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Judge sets January arguments for lawsuits seeking to hold Trump accountable for US Capitol riot

<i>Tasos Katopodis/Getty Images</i><br/>Then-President Donald Trump arrives at the
Getty Images
Tasos Katopodis/Getty Images
Then-President Donald Trump arrives at the "Stop The Steal" Rally on January 6

By Katelyn Polantz, CNN Reporter, Crime and Justice

Three civil lawsuits from lawmakers and Capitol Police officers that seek to hold Donald Trump and his closest advisers accountable for the US Capitol riot are moving forward after months of inaction.

Judge Amit Mehta of the DC District Court has set oral arguments on whether the cases — which are separate from the congressional or criminal investigations — should be dismissed for January 10.

But the lawsuits’ movement comes as the US House unearths more evidence of the Trump White House wanting to derail Congress from certifying the 2020 presidential vote.

In one complaint that Mehta will consider, former House impeachment manager Rep. Eric Swalwell sued Trump, his son Donald Trump Jr., Rudy Giuliani and Republican Rep. Mo Brooks, claiming their speeches on January 6 incited the riot and inflicted emotional distress on members of Congress.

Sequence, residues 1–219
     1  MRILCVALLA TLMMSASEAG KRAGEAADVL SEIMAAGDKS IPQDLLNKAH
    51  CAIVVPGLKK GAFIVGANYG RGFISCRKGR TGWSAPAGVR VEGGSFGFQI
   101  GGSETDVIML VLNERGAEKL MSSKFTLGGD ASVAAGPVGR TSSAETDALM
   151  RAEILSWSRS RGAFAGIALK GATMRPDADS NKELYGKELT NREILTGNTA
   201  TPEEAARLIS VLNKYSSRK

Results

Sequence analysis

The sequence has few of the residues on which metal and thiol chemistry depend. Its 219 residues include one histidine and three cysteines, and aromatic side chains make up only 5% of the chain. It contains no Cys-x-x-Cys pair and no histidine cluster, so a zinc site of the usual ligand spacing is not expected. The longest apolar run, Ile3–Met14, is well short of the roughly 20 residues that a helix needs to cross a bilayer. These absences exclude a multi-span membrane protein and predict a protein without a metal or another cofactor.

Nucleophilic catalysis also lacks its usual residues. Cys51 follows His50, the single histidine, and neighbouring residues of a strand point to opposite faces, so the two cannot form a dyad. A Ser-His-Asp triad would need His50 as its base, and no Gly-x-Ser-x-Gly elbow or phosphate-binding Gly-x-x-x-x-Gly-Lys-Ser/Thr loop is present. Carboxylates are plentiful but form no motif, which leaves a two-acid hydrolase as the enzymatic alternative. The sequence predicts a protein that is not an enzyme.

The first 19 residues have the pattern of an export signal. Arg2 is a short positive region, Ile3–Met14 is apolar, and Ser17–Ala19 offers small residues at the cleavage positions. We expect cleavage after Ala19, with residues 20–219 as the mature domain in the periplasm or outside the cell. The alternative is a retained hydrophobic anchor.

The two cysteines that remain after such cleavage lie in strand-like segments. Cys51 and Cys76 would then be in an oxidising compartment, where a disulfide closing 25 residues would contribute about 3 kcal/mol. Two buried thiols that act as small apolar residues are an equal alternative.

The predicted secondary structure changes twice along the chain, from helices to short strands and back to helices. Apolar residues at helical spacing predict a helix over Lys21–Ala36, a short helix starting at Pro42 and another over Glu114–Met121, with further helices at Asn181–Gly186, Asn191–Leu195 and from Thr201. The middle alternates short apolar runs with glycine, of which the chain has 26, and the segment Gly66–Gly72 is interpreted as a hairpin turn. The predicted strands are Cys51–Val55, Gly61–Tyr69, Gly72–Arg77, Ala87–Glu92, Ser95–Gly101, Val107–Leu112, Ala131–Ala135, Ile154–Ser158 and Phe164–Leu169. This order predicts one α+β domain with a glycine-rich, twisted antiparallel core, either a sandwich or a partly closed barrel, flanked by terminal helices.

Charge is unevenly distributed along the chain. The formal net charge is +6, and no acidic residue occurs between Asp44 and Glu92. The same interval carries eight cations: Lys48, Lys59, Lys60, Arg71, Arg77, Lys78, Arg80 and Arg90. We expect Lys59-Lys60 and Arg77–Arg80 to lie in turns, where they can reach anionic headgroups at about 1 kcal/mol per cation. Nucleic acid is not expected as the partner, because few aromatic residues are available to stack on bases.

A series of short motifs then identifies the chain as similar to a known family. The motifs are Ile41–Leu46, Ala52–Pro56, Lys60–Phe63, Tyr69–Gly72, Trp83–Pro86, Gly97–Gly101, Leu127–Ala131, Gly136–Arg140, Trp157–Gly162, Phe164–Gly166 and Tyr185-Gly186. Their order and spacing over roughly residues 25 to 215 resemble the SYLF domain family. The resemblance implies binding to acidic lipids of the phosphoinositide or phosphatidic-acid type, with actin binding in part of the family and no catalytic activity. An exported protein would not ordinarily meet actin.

Brooks has so far raised arguments that he cannot be liable because in his January 6 appearance, he was acting within the scope of his political office.

In another, two US Capitol Police officers sued Trump, claiming he directed his followers to assault them.

In the third lawsuit, Rep. Bennie Thompson and other lawmakers accused Trump and Rudy Giuliani of conspiring with the far-right groups Proud Boys and Oath Keepers to incite the January 6 insurrection. Thompson withdrew from the lawsuit when he became part of the House Select Committee investigating January 6.

Some of the complaints cite a post-Civil War law designed to combat violence and intimidation by the Ku Klux Klan.

Mehta, who also oversees the Oath Keepers January 6 criminal conspiracy case, will begin to weigh major questions about Trump’s role in the insurrection, and whether the former President and other right-wing figureheads are protected from legal fallout.

Some Republican leaders in Congress had pointed to civil lawsuits as a way to lay responsibility on Trump, after he was impeached but acquitted by the Senate for the events of January 6. The Justice Department criminal probe has remained focused in court so far on the more than 700 rioters on the grounds of and inside the Capitol that day, as the trespassers and assaults are punished under the law.

Trump and his top advisers have not been charged with any crimes. Trump and others who are sued have argued they are not responsible for the actions of the people who stormed the Capitol.

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